In the world we live in, unprecedented opportunities to learn co-exist with enormous inequality. Today there are over 100 million more children enrolled in primary schools than a decade ago, and early childhood education is skyrocketing--a fantastic outcome in such a short period of time. Yet there are also an estimated 250 million children who still cannot adequately read, write and count and 57 million who are still not in school.
There are two fundamental ways to tackle these challenges: either lower the cost of education (while hopefully retaining quality and equity) or get someone else to pay for it. For basic education, the primary sources of funding continue to be domestic country budgets, multilateral and country-specific aid programs (like the World Bank, UNESCO’s Capacity Development for for Education for All Programme, and USAID), and overseas remittances. Yet in the face of bulging education demographics and funding costs, this is not enough. The private sector--specifically, the edtech community--must fill the gap. Here are a few ways this is happening.
Seed and Venture Funding for Low-Cost Schools and Services
Venture and seed funding offer a lifeline to education entrepreneurs, who often have no access to traditional forms of bank lending, in an education industry which has little experience with private sector involvement. Not surprisingly, the most ambitious education start-ups in developing countries are now getting funded through venture capital.
For example, Pearson's Affordable Learning Fund (PALF) and a number of affiliates have sparked investments into low-cost school chains including Sudiska pre-schools in India, APEC middle schools in metro Manila, Omega Schools in Ghana, and Bridge Academies in Kenya. These are for-profit, scalable schools charging as little as $3 a month to families and harnessing technology to deliver curriculum and centralize management costs.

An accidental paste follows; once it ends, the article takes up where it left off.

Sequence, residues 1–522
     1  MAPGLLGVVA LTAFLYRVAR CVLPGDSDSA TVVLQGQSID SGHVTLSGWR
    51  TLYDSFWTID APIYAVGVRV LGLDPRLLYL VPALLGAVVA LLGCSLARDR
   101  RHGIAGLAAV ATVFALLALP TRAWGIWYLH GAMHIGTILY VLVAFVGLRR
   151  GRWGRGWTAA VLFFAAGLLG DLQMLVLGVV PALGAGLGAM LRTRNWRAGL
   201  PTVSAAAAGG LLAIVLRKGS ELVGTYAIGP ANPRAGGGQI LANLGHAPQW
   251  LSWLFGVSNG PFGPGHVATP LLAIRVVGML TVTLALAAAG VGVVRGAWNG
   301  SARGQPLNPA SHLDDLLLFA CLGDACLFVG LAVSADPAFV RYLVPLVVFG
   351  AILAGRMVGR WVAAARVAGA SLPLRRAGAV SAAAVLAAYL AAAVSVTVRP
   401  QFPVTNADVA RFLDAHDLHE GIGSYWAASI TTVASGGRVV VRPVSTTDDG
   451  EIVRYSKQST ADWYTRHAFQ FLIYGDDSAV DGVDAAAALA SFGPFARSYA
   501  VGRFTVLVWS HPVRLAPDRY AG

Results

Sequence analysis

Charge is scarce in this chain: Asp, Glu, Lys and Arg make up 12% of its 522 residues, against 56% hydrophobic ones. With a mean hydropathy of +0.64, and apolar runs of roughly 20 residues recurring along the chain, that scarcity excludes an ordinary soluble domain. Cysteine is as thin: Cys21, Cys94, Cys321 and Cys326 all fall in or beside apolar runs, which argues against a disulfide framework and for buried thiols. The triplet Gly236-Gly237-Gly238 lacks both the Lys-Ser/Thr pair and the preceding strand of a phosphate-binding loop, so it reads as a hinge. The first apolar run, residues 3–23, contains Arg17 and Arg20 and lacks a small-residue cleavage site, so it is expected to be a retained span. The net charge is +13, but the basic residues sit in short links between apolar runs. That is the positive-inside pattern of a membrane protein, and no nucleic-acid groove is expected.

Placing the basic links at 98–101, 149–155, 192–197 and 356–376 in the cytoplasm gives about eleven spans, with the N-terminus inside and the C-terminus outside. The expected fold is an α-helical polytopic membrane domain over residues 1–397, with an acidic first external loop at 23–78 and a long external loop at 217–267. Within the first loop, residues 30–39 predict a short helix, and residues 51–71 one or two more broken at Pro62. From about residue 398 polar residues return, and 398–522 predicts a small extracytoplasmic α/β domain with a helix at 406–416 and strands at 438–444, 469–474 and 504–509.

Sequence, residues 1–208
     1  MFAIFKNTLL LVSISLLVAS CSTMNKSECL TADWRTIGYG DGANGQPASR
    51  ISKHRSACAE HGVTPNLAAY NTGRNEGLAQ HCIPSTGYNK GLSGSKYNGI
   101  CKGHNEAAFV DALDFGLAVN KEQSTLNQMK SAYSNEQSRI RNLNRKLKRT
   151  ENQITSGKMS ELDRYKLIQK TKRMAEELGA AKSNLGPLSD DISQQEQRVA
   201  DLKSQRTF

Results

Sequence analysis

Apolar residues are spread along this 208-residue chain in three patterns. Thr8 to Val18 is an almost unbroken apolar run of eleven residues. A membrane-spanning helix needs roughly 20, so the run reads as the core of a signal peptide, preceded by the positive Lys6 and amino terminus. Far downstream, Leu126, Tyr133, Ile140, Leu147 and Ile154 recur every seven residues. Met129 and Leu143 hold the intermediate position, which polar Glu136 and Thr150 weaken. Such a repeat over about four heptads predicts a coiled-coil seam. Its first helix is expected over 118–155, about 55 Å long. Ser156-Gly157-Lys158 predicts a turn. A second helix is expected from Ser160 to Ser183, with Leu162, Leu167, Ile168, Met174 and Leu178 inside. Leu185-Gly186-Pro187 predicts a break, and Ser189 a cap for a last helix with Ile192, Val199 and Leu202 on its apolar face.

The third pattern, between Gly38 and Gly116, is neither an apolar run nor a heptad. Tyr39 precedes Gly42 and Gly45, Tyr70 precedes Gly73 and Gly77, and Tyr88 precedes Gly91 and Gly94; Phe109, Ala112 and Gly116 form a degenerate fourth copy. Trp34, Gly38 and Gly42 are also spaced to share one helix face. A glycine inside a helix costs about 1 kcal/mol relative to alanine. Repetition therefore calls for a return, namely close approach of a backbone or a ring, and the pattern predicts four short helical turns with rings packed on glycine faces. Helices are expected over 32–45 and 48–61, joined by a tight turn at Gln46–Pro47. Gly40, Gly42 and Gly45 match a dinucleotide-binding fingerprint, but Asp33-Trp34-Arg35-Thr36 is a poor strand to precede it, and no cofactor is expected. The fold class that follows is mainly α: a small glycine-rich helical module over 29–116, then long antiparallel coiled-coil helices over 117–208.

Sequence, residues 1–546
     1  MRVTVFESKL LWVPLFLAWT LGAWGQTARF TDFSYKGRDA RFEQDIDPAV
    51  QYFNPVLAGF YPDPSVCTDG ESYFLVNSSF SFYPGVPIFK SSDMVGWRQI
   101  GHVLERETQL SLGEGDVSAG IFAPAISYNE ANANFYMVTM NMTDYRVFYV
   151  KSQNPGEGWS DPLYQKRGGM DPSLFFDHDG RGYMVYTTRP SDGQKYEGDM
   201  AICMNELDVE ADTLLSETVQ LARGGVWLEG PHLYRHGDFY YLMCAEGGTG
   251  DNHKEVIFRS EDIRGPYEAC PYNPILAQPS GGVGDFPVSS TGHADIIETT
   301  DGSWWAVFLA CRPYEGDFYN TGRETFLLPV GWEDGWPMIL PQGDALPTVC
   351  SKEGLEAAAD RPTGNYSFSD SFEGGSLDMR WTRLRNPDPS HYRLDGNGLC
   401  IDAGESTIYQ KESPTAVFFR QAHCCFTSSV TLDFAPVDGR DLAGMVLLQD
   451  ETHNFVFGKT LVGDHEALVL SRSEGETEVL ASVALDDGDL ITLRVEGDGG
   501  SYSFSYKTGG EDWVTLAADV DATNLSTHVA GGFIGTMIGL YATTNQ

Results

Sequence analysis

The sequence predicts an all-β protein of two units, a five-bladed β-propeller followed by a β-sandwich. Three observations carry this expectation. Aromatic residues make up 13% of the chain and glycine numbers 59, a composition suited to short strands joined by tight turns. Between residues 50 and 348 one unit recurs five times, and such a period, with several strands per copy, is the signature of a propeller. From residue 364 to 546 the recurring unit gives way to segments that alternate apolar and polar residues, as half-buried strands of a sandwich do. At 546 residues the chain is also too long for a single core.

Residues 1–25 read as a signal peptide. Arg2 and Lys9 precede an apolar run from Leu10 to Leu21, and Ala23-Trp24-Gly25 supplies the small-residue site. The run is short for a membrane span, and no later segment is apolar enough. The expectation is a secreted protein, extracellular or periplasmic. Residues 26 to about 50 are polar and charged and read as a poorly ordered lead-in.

Their level of ambition is wild: Bridge, with a recent investment boost from Mark Zuckerberg, is targeting a 100-fold expansion from its current 100,000+ students, to 10 million by 2025. Still, the capital in play is miniscule compared to the massive unmet demand in parts of Africa and South Asia. PALF has only $50 million to manage, and others such as Unitas Seed Fund in Bangalore are approaching $20 million. Larger, follow-on investments to develop a global network of "academies in a box"--and the edtech innovations to power them--are only beginning to make a difference.
Alternative Loan Finance and Repayment Methods
Global emerging markets are now facing higher borrowing costs on the back of rising interest rates. This is bad news for students in countries that lack an institutional lending capacity for education. The traditional use of tuition discounts, subsidies and financial aid will help only at the margins, bringing the question of how student loans are accessed and structured to the open market.
But for many companies operating globally, education is still viewed as a "social responsibility" rather than a commercial imperative. Businesses may recognize that the process of educating, securing and retaining talent is the best way to build sustainable profits and shareholder value—but they must do something about it while their future employees are still students.
With the world now in reach of educating every child, pressures related to the funding and cost of education are, paradoxically, going to intensify. In the years ahead, more primary school graduates will create higher demand for secondary and university education and, in turn, a deeper pool of potential workers in search of employable skills. This dynamic calls on private companies to provide the type of innovative technology, funding, and market-driven growth solutions that have already shown so much promise, but which will require even more attention to those populations who need it most.
Todd Maurer is Managing Partner of Sinica Advisors LLC, a corporate and investment advisory firm specializing in emerging markets, with a particular focus on Asia.
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